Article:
The SOI is essentially measuring the dipole extent of Tahiti minus Darwin (T-D) atmospheric pressure. If these two are perfect anti-nodes, then the correlation coefficient (CC) between the two should be -1. For unfiltered monthly data, the CC is almost -0.6 (and almost to -0.8 if the respective time series are smoothed). This means that either the SOI does not represent a perfect dipole or there may be some non-dipole noise contaminating the data (or both). Yet, it remains a good enough measure since the T-D filter removes much of the common-mode noise by subtraction.

For the daily SOI measure (available from [Aus BOM](https://www.longpaddock.qld.gov.au/soi/soi-data-files/) from 1991-current), the CC between Tahiti and Darwin hovers around +/- 0.0 if left unfiltered. This is not good for the same reason (noise) as the monthly set, only that the daily noise seems to be even worse. Again, only if filtered over a two week time, does the CC start approaching -0.5.

Since I am interested in finding out how much I can push the daily data to isolate the higher-order wave-numbers that seem to contribute to the standing wave, I started experimenting with biased estimating techniques. One rather obvious biased approach is to compare the model point-by-point against T-D, 2T, and -2D and select the value that is closest to the model fit. This will always reduce the error of any fit to the data because unless we have a perfect dipole where T-D=2T=-2D, the selected value will always be smaller or at most equal to T-D.

The overall rationale for trying this is similar to the rationale for using a 3-point median filter -- the value closest to the model value is less likely to be an outlier impacted by a spurious noise excursion. As the following fit shows, the technique does work, by transforming the mix of uncorrelated and correlated signal towards a more correlated time-series aligning well with the model. Evident as a background fuzzy envelope, the possible maximal excursions for 2T and -2D can be gauged -- these are often much greater than T-D in absolute value, but get chosen wherever the model also deviates too far from the T-D value.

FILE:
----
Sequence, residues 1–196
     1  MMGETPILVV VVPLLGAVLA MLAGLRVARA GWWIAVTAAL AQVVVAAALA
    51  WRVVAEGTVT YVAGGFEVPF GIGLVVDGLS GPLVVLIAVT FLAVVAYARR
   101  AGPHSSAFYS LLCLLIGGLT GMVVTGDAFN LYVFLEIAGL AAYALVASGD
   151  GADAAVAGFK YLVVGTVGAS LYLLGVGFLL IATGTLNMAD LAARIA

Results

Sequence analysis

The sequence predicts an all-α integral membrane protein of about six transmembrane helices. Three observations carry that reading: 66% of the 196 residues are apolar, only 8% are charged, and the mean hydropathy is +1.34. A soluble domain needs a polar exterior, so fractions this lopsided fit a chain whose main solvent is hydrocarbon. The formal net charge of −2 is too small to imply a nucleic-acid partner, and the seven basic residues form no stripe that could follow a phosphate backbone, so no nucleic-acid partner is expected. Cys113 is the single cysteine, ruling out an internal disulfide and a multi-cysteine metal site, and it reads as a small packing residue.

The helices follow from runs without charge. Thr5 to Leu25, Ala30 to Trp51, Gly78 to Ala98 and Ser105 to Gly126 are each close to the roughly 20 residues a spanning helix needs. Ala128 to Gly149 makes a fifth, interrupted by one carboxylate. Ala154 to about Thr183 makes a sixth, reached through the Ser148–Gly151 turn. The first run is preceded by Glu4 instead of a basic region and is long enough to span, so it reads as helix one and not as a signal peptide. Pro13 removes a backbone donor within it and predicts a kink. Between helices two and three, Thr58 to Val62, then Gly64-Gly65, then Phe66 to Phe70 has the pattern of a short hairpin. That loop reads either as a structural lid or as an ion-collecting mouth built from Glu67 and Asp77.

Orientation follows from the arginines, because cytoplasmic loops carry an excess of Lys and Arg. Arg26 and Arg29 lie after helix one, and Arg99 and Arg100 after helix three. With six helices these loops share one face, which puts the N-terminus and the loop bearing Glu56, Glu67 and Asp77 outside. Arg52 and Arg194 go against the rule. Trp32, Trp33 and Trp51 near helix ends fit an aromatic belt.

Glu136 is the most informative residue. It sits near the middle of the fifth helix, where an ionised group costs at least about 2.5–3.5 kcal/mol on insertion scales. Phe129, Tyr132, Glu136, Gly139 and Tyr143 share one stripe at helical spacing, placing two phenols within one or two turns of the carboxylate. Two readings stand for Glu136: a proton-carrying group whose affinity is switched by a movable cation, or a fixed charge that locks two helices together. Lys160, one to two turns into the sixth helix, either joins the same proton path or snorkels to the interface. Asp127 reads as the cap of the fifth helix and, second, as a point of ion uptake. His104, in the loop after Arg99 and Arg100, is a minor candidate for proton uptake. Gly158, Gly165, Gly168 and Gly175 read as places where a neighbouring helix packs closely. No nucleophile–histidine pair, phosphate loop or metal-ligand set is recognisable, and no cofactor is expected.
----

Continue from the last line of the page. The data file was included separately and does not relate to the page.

![](https://imagizer.imageshack.com/img923/6806/CCGjq1.png)

This may not be an optimal approach, but given the poor anti-correlated properties of the daily SOI pair values there may not be any other options. One other approach I can think of is to maximize the Double-Sideband Carrier Modulation in the Fourier series of the raw data.

EDIT: After letting this gestate for a day or two, I'm not sure what value this approach is providing as the addition of a massive number of DOF will obviously improve the fit. One could just as easily introduce two additional random numbers for each point and by cherry-picking for the best fit, the CC will improve. .... But then again consider this recent paper in PNAS (https://phys.org/news/2019-12-el-nio-event-year.html) that claims that an El Nino is more likely to occur after a year of "high disorder". The issue is that disorder has a broad distribution, while strict order doesn't. That doesn't seem a strong argument -- welcome back to the world of climate science at the bleeding edge!

This is what the CC improvement looks like on the SOI monthly time-series (CC=0.65 improved to 0.85). The error bars indicate the extent of the (T-D, 2T, -2D) triplet values not chosen. In other words, one of these is closest to the model value and thus selected as the "most valid" data point, and the other two are rejected, replaced by error bars.

![](https://imagizer.imageshack.com/img924/6312/5DRu4z.png)